Marchex Layoffs Announced

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Although they don’t consider themselves domainers, Marchex owns thousands of domain names, and the company is one of the few publicly traded domain-related companies. This morning, Marchex announced that the company is laying off 15 employees, about 4% of its workforce.

They also announced a couple of senior management changes, naming Peter Christothoulou Chief Operating Officer and Matthew Berk Executive Vice President of Product Engineering.   In November, Mike Berkens blogged about Marchex and how it’s market cap was just slightly more than the total amount they paid for Yun Yee’s portfolio. While the stock price has increased since Mike’s post, the economy is still taking a toll on the company.

8 COMMENTS

  1. Marchex should be ashamed at what they’ve done to date…the average domainer with 2 employees could have done better parking them and making sure not to drop any.

  2. i’ve read that marchex owns 75,000 U.S. ZIP code sites – is this accurate? if so, you have to think these names are worth $10k/zip, at least, which would mean the total value of zip codes alone = $750mm – 3x+ the company’s market cap – is this correct or am i way off?

    • I think you are way off. I sold a zip code domain name for under $500 last year. I think some of the premium zips might be worth $10k+/- but those are very few and far between. Most of the value was also in the fact that Marchex owned them all, making them difficult to find on the open market. In this market, owners would be lucky to get a fraction of $10k, IMO.

    • I think it’s a good thing to have precious metals in a diversified portfolio. People should also do research because gold prices have fluctuated considerably in the past, and while they would have more purchasing power than paper money in a financial system collapse, it’s not always easy to turn gold into spending vehicles cheaply or quickly.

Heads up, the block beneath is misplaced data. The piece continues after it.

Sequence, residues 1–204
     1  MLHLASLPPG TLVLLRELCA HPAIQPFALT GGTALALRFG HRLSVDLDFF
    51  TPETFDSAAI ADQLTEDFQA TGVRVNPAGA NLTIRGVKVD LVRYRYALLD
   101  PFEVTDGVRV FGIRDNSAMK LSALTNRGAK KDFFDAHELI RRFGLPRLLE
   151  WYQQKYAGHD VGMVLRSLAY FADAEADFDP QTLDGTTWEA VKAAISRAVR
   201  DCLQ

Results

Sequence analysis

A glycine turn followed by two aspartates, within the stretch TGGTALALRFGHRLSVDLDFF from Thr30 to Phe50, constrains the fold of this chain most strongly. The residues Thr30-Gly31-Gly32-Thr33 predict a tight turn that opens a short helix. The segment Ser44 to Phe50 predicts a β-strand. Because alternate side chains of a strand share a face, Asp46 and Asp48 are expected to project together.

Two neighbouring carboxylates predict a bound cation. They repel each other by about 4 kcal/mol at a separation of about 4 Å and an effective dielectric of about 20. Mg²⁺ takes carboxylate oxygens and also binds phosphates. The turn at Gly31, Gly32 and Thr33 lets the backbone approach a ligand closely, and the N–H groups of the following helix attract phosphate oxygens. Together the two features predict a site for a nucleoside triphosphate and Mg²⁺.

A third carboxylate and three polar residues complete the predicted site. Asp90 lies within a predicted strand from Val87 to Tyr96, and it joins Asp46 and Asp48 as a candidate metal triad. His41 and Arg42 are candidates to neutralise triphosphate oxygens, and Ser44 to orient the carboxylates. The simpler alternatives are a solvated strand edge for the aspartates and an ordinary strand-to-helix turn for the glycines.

Realistically in a complete financial collapse (oxymoron perhaps), how would you use a $2,500 gold bar to buy fair value worth of groceries that aren’t worth $2,500?

  3. Zip code domains do have value, but only a small percentage have any value at all. 90% of the population lives in less than 10% of the zip codes in the country making most of their zip portfolio worthless. They compounded the problem when they attempted to corner the market on zip code .nets and directed their existing portfolio of .com zip code domains to the .net ones. They have since abandonded this practice. The cornerstone zip domain, 90210.com, sold for around $20,000 and was a great buy.

    Great zip code domains can be had for $250 to $2,500 depending on the location, population, and demographic details. I would esitmate that their portfolio of zip code domains to be worth less than $10M.

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